5. The SLS’s paddle-shift auto ‘box has seven ratios. This is six more than necessary: any one of the Merc’s gears would suffice for the UK. Doesn’t matter which one - second, third, fourth, fifth - all pick up from crawling speed and propel you into deeply illegal territory. But, while there’s strictly no need to change gear, you’ll still want to for the absurd shotgun bang from the SLS’s exhaust on full-bore downshifts in Sport mode, a rifle-crack that causes tectonic instability and sets off all car alarms within a 10-mile radius.

  6. The Conti GTC is less uncouth. After the carbon-fibre anger of the SLS, climbing into the Bentley is like slipping into a warm, soapy bath: in the case of our test car, a bath trimmed with several walnut trees and upholstered in leather the colour of toothpaste spit. Few cars isolate you as far from the nasty world of road noise and other people, or suck up miles so effortlessly that the possibility of a daily Dumfries-to-London begins to crystallise in your mind as a sensible idea. Bentley says it aimed for coupe refinement with the GTC, but in truth most coupes could only dream of offering such seclusion. Roof up, it’s easy to forget the GTC is a soft-top at all, the hood’s dozens of fabric layers deadening every sound from outside.

  7. But as we’ve somehow arrived on Scotland’s one scheduled sunny day of the year, there’s no excuse for sheltering under canvas. Lowering the Bentley’s big top is a stately operation requiring several minutes and a large team of invisible butlers, but, when finally de-roofed, the Conti feels far more… converted than the SLS. It’s certainly breezier. With acres of open cabin, a roof-down blast in the GTC is bracing but never chilly: you can crank the Bentley’s weapons-grade seat-heater hot enough to turn your buttocks to crackling.

  8. Driving this 567bhp monster fast isn’t an exercise in managing grip, skilfully exploring the limits of the tyres or clipping apexes with reckless precision. It’s a flat-out, hammer-footed blast: point the bonnet vaguely towards the exit of a corner, squash the accelerator, ride the W12’s mighty rush of torque, slam on brakes, repeat until out of fuel. Though it flattens the scales under two and a half tonnes of kerbweight, the Bentley is surprisingly nimble in corners, only betraying its sheer mass under hard braking. You’re ever aware of the lurking danger of hustling two and a half tonnes of stately home along a greasy back road, but it’s a stately home equipped with permanent four-wheel drive and a range of death-avoiding electronic systems, one that’s always on your side. On an unknown road, those of us not possessed of Stig-spec driving skills would go faster in the Bentley than the SLS.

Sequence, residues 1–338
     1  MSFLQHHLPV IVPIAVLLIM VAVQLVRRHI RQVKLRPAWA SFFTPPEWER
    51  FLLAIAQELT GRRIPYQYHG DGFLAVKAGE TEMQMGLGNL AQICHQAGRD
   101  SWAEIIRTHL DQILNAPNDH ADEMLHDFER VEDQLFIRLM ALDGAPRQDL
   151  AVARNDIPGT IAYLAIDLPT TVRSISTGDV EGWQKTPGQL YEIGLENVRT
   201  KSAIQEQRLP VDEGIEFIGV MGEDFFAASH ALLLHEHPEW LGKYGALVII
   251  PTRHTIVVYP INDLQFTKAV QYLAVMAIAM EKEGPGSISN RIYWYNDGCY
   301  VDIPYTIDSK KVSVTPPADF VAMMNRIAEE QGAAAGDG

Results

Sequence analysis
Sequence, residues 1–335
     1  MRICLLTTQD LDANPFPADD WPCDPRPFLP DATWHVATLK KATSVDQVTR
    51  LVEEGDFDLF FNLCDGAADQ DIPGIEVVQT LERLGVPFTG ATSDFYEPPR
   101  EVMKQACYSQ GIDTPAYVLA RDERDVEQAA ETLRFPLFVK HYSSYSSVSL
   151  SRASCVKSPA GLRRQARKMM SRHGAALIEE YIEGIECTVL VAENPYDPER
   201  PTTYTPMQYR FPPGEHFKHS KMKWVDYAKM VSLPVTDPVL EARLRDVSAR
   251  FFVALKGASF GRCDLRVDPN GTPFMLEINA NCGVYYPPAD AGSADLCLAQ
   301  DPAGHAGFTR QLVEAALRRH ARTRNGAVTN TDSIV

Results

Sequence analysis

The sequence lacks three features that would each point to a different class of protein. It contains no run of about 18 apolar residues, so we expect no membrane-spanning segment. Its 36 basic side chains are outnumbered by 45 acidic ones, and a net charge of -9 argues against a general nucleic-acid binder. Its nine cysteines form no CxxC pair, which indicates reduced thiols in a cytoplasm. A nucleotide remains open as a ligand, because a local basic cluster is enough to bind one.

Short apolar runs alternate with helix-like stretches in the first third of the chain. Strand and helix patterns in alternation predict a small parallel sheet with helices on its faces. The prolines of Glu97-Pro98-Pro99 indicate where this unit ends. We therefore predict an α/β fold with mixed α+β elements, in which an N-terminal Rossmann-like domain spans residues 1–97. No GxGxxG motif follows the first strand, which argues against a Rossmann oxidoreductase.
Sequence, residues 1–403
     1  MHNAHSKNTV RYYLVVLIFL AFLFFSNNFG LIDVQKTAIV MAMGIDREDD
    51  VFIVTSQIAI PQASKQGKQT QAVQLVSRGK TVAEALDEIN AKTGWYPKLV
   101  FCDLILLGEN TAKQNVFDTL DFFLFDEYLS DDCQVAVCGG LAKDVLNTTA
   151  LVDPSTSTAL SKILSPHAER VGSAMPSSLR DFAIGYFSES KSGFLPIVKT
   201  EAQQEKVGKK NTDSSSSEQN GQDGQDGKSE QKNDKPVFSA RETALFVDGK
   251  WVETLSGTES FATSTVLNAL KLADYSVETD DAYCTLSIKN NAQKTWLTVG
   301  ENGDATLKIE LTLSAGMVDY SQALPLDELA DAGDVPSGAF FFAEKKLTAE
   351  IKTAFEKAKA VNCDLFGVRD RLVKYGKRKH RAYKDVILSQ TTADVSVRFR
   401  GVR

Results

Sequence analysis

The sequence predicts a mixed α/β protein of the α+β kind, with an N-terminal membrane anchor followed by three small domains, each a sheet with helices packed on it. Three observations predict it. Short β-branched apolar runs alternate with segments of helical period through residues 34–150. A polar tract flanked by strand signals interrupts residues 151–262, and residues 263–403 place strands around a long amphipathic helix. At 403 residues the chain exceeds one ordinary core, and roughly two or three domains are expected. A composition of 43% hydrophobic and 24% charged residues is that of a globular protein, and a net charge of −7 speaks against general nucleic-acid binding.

Most of the time, you won’t feel the need. The Bentley wears its supercar pace lightly, a chilled-out, tactile experience, a car to be stroked rather than ragged everywhere. It exudes the cool, understated luxury posh hotels strive for, an air of expensive material and deep-rooted quality. OK, some elements verge on the chintzy - even Liberace would have baulked at the walnut-trimmed sunglasses case slotted into the central cup-holder of our test car - but spec your GTC with a little restraint, and nothing short of a Rolls Ghost can match it for opulence.

  9. The sky is clear, the mountains fringing the horizon are snow-flecked and Scotland looks gorgeous. So does the Aston. In both price and intention, the 490bhp Virage Volante nestles between the Bentley and the Mercedes: less a wafting GT than the Conti, less a snappy supercar than the SLS. It’s a familiar position for a model that dissects the hardcore DBS and the softer DB9 in the Gaydon V12 line-up, melding the DBS’s clear rear lights and steroidal side sills to a softer front end. Aston’s design language may have stalled recently, but, really, when it’s churning out lumps of quicksilver like this, what’s the problem? The DB shape isn’t ageing - it’s maturing to a fine vintage.

  10. At least, from the outside. To hop from the Bentley into the Aston is to move from five-star hotel to pleasant English B&B. It’s by no means bad, simply… dated. Where the Bentley’s upholstery seems sourced from the plumpest, cheeriest cows, the Aston’s leather is papery to the touch, the product of a herd fed on low-fat lentil soup. Though, at long last, Aston has ditched its ancient Volvo satnav for a shiny new hi-def Garmin unit, the pop-up nav display isn’t integrated with the rest of the car’s infotainment gubbins, meaning the audio display is confined to a poxy screen at the bottom of the centre stack.